Australia: prioritizing rights at home, abroad


(Sydney) – New Australian Prime Minister Anthony Albanese should adopt an ambitious foreign policy agenda centered on human rights and launch urgent domestic rights reforms, Human Rights Watch said today in a letter to the Prime Minister. Albanese and Foreign Secretary Penny Wong.

“Prime Minister Albanese has an opportunity to reshape Australia’s regional reputation as a human rights leader,” said Sophie McNeill, Australia researcher at Human Rights Watch. “We urge the Albanian government to take action to hold countries violating human rights to account, while addressing long-standing national human rights issues at home.”

The Albanian government should immediately impose targeted sanctions against senior Myanmar military officials responsible for human rights abuses following the February 2021 coup, as well as businesses and other entities linked to the military. Australia should urge Southeast Asian governments to develop a clear, time-bound approach to pushing Myanmar’s junta to reform, including increasing restrictions on its foreign exchange earnings and arms purchases .

The Australian government should also immediately impose targeted sanctions on Chinese officials responsible for crimes against humanity against Uyghurs and other Turkic Muslims in Xinjiang, as well as call on the UN High Commissioner for Human Rights, Michelle Bachelet, to release her immediately. report on Xinjiang. The Albanian government should consider targeted sanctions against foreign companies, officials and other entities known to directly profit from forced labor and other human rights abuses.

In the face of China’s growing influence, the Albanian government should seek to strengthen the rule of law, transparency and accountability in the Asia-Pacific region, and reinvest in development assistance that strengthens civil society, Human Rights Watch said. Governments from Vietnam to India are increasingly cracking down on the work of human rights defenders, journalists and bloggers, and the Albanian government should strongly promote the rights to freedom of expression, freedom of media and freedom of association throughout the region.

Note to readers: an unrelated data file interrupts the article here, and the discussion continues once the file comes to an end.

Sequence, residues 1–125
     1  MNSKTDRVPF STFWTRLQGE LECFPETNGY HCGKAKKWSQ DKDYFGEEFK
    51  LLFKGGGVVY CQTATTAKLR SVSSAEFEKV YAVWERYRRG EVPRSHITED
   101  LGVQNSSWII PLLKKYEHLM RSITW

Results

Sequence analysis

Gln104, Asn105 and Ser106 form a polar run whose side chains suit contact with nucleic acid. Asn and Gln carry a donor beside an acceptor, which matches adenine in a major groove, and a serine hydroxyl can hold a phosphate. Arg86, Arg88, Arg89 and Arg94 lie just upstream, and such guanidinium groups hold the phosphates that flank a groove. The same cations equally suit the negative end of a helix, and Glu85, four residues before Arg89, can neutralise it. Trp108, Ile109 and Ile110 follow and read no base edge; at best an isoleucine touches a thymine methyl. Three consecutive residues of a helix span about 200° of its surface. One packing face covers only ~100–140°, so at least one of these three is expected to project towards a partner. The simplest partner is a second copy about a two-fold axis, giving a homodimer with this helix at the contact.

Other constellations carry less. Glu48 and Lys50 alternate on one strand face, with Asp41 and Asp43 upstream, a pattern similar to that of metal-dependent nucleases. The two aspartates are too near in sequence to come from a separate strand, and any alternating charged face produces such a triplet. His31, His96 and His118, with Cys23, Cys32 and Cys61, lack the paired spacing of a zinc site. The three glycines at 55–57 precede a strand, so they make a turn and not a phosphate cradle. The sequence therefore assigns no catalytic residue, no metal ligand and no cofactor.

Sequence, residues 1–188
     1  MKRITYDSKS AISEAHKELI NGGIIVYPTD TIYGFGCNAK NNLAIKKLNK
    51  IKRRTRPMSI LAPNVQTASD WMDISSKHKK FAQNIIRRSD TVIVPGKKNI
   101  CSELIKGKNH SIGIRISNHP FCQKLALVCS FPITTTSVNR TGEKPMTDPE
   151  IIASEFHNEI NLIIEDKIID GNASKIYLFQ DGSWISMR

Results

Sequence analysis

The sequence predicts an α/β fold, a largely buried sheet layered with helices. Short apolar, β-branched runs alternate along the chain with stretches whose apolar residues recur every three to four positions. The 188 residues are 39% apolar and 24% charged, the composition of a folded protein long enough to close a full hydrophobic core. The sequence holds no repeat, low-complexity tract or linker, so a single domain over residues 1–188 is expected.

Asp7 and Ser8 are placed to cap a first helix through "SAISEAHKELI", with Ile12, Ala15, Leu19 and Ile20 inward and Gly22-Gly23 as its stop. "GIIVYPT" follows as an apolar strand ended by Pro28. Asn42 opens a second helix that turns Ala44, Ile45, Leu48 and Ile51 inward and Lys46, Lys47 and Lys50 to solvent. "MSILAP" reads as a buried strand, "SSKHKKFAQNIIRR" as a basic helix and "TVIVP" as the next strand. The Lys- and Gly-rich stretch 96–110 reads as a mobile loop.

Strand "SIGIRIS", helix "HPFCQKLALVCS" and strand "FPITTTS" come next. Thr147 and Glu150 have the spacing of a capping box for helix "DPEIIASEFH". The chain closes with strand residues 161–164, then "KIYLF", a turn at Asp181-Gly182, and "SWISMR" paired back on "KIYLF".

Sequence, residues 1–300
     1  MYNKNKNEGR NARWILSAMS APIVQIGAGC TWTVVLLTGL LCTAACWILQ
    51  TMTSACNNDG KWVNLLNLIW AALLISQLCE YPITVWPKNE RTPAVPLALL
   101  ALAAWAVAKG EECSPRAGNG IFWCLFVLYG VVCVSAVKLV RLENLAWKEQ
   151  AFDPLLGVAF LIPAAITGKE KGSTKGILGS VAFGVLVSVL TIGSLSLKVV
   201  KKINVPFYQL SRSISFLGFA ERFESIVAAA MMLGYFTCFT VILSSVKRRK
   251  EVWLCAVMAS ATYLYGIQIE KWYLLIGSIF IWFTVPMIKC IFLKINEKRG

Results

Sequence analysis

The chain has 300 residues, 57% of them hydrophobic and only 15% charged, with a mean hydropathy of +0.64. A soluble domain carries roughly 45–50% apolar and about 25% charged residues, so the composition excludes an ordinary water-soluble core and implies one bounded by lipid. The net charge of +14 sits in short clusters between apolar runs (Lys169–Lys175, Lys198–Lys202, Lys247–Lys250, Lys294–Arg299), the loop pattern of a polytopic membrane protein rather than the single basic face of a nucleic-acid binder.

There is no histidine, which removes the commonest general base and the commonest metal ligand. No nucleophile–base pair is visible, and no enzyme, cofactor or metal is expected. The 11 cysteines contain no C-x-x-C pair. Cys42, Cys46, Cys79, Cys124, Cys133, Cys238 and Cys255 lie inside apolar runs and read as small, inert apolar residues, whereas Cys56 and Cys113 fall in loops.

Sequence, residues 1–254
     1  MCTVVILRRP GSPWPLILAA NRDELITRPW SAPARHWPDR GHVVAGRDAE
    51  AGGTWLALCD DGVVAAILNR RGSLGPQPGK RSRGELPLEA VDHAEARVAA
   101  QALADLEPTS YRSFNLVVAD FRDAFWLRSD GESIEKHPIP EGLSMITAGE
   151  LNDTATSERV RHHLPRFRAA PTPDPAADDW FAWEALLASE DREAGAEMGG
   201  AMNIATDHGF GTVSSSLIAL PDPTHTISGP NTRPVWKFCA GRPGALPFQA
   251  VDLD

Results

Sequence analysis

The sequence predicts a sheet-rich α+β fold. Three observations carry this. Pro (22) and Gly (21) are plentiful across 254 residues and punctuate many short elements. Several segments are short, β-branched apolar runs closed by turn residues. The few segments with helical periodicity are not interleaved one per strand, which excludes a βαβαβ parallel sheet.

Concrete actions are needed to address specific situations of abuse in a number of countries, including Afghanistan, India, Vietnam, the Philippines, Thailand, Israel and Palestine. The Albanian government should show increased leadership at the UN Human Rights Council, especially on Lebanon and China.

Domestically, the Albanian government should prioritize reforms to address long-standing human rights issues, such as the treatment of asylum seekers, the overrepresentation of First Nations people in Australia’s criminal justice system and continued government support for new fossil fuel projects.

The Albanian government should take urgent steps to effectively regulate corporate greenhouse gas emissions, stop subsidizing fossil fuels, and end support for new oil, gas, and coal projects, Human Rights Watch said.

The Albanian government should end the indefinite and arbitrary detention of refugees and asylum seekers, and end a general policy of “turning back boats”, which is neither humane nor in accordance with international law. Australia should also end overseas treatment and transfer all those remaining in Papua New Guinea and Nauru to Australia or to safe and appropriate third countries.

“During the campaign and in opposition, Albanese has embarked on ambitious human rights reforms which should now be swiftly implemented,” McNeill said. “Australia’s right mix of pressure and engagement on human rights issues could make a significant difference in promoting respect for human rights in the Asia-Pacific region. We look forward to working with the new government to see the measures adopted as soon as possible. »


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